MNOs may have big data, analytics, and machine learning, but if they don’t have high accuracy, high granularity, and ubiquitous visibility, it is not possible to use machine learning to glean actionable insight that’s actually meaningfully aligned with business goals.

When operators are able to put their networks on intelligent autopilot by leveraging quality big data for machine learning, they will be successful with 5G.

Making a difference in 5G readiness

As the industry leader in network performance visibility, Accedian continues to innovate around fully-automated networks as a foundation for 5G.

Here are a few examples of what that means:

  • Our solutions are built on proven virtualization: scalable, reliable performance monitoring that can be spun up and down on demand the same way as virtual services.
  • We offer very granular monitoring in terms of packets per second (pps), from 1pps up to 10,000pps in 1pps increments, unlike other vendors with more coarse increments or ‘steps.’
  • Virtual routing functions that can run in multiple Layer 3 domains.
  • Interoperability to take advantage of existing reflectors. Plus, we offer our own lightweight software reflector that can be loaded onto white boxes and COTS servers.
  • Service path segmentation measurement.
  • Measuring QoS and service path changes in terms of distance/hops the service is traversing.

Ready for 5G… or not?

How can an operator be sure their network is ready for 5G? Simple (or, maybe not): use performance validation that’s capable of seeing beyond the requirements of today. This must be done not after implementing new technologies, but before and during that implementation.

Or, put another way, if any of these are true…

  • The accuracy, granularity, and precision of information obtained by network performance data is questionable.
  • Performance validation relies on aged (>1 minute) or averaged data.
  • Capacity planning involves using a “safety margin” or rule-of-thumb.

…then then network is probably not ready for 5G!

Get in touch with Accedian. We can help!

Greg Spear

In his role as Solution Manager at Accedian, Greg applies his extensive technical knowledge in the Carrier Ethernet industry to demystify complex topics foreign to both a technical and non-technical audience. He has more than 30 years of experience in the information technology and telecommunications industry with such notable companies as Memotec, Positron Networks, and Marconi. Over the course of his career, Greg has supported a large customer base with hands-on experience spanning an extensive range of hardware and software solutions. He has also been a key player in leading customer support teams and arming them to tackle the latest technologies being developed by manufacturers, and deployed by service providers. Greg is a MEF Carrier Ethernet Certified Professional.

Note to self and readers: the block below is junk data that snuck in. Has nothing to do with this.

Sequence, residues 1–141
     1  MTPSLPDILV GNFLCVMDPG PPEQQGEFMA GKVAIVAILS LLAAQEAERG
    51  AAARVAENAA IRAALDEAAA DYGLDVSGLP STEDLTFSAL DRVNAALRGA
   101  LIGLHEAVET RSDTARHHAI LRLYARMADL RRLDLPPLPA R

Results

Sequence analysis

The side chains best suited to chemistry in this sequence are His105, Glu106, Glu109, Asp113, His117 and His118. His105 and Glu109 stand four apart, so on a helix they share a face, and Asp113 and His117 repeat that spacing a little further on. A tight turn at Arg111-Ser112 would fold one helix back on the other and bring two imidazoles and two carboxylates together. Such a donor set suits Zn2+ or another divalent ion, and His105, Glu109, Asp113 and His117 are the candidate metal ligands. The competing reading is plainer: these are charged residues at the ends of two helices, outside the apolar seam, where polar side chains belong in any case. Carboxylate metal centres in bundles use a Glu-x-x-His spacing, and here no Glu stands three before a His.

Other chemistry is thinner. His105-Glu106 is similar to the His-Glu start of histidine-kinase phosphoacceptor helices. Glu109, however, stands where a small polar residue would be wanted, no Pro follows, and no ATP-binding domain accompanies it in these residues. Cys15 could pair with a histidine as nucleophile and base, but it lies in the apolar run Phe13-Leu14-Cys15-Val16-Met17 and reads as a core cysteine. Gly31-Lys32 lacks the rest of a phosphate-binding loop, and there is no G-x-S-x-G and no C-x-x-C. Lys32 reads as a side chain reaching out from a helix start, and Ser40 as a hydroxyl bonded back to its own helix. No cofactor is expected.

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  • Acronym Guide

    327 Terms, Page 1 of 82

    2G

    Second Generation
    A cellular telecom network that uses second-generation wireless technology. Such networks digitally encrypt phone conversations, and allow data services including SMS text messages.

    3G

    Third Generation
    A cellular network that uses third-generation wireless technology based on standards that support wireless voice telephony, mobile and fixed internet access, video calls, and mobile TV. Such networks are capable of data transfer rates of at least 200 Kbps and as fast as 21 Mbps.

    3GPP

    Third Generation Partnership Project
    International collaboration among telecommunications associations, with the purpose of developing and maintaining the Global System for Mobile Communications (GSM) specification for 3G mobile networks.

    4G

    Fourth Generation
    A cellular network that uses fourth generation wireless technology to deliver mobile broadband internet access in addition to voice and text messaging. Two synonymous 4G systems are commercially deployed: Mobile WiMAX an Long Term Evolution (LTE). LTE is the predominant system in the U.S.